Candida albicans is a fungus that causes opportunistic infections in humans. It secretes toxic metabolites and induces the formation of biofilms. Fully developed C. albicans biofilms consist of planktonic yeast cells, pseudohyphae, and hyphae. The hyphae can invade tissues and bring toxic metabolites deep inside the organs and into the bloodstream. Biofilms cannot be identified by culture methods from feces or blood samples, necessitating the development of biomarkers to detect them. Here we show that the acetaldehyde level in serum can be used as a biomarker of gastrointestinal Candida biofilm formation. An in vitro C. albicans biofilm model is set up by culturing C. albicans in an Erlenmeyer flask, while an in vivo model is created in the rat gastrointestinal mucosa. A lack of nutrients induces biofilm formation in vitro, while in vivo biofilm formation is induced by treatment with antibiotics and corticosteroids. Identification of C. albicans biofilms is carried out macroscopically and microscopically using scanning electron microscopy. Analysis of acetaldehyde levels is performed by gas chromatography. The in vitro acetaldehyde level in the supernatant of the C. albicans culture is 0.9 ± 0.3 % (v/v) after a period of 48 h incubation, at which time biofilms start to form. The serum mean acetaldehyde level is 0.011 ± 0.003 % and 0.005 ± 0.001 % in the experimental and the control groups, respectively. The t-test results show that this difference is significant at p < 0.05, indicating that serum acetaldehyde can be used as a biomarker of C. albicans biofilm formation in the intestine.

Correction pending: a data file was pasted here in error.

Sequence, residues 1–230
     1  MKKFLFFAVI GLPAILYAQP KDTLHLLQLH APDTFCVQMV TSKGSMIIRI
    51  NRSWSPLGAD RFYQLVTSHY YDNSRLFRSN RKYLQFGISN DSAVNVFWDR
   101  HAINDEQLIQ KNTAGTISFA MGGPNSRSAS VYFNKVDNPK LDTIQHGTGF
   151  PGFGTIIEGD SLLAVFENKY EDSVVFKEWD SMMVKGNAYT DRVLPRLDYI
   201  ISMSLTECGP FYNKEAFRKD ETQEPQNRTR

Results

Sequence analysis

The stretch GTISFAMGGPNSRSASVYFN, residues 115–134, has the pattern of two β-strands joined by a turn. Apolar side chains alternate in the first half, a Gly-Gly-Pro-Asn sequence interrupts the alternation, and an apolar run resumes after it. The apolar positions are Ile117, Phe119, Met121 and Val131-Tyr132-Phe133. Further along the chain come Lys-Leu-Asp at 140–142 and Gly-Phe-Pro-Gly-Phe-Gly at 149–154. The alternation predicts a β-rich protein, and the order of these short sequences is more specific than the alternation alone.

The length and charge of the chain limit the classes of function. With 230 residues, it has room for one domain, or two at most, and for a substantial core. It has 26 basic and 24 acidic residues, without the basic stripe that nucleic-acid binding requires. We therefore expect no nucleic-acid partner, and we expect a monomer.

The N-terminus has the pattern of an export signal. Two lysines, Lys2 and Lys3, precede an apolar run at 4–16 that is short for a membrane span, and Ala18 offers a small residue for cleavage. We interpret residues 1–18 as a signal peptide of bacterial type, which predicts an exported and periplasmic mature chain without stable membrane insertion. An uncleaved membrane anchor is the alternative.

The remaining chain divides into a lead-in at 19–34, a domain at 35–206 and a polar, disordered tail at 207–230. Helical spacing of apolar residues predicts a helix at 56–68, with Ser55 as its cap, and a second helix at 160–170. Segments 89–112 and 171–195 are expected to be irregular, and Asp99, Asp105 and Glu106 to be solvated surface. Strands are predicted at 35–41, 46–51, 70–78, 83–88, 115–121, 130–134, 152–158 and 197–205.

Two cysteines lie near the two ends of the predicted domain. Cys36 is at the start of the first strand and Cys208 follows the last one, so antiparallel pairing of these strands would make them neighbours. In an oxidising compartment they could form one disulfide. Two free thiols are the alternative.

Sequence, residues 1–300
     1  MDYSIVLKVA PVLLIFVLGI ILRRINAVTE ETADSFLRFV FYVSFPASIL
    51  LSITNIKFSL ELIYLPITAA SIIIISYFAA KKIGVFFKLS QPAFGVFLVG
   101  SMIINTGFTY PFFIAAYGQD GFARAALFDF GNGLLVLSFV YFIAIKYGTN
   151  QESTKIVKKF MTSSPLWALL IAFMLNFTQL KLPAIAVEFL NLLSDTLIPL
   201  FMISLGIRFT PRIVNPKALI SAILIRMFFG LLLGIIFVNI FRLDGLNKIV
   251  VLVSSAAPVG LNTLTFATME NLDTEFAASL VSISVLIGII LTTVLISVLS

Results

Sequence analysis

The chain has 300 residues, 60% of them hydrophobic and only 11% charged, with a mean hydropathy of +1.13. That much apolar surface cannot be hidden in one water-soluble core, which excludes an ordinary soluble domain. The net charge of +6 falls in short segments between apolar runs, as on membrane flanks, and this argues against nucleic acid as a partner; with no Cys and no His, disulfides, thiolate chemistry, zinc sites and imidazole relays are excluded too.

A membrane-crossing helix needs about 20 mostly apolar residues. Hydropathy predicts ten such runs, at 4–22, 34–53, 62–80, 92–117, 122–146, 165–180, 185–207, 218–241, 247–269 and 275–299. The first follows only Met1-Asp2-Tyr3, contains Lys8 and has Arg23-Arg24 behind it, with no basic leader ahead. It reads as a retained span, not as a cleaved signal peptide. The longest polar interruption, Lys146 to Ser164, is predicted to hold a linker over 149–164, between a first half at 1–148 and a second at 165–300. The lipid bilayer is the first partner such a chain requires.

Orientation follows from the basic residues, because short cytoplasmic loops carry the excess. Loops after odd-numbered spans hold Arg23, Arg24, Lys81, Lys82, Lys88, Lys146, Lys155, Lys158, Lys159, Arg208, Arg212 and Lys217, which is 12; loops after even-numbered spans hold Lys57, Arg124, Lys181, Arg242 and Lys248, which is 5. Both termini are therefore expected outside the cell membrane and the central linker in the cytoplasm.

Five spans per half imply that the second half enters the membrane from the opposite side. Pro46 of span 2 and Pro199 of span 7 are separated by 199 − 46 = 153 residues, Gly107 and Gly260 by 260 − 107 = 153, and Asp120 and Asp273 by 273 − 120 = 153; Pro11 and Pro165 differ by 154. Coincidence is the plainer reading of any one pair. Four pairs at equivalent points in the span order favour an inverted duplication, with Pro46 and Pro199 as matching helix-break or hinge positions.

|Number of pages||7|
|Journal||Journal of Chemical Technology and Metallurgy|
|Publication status||Published - 2017|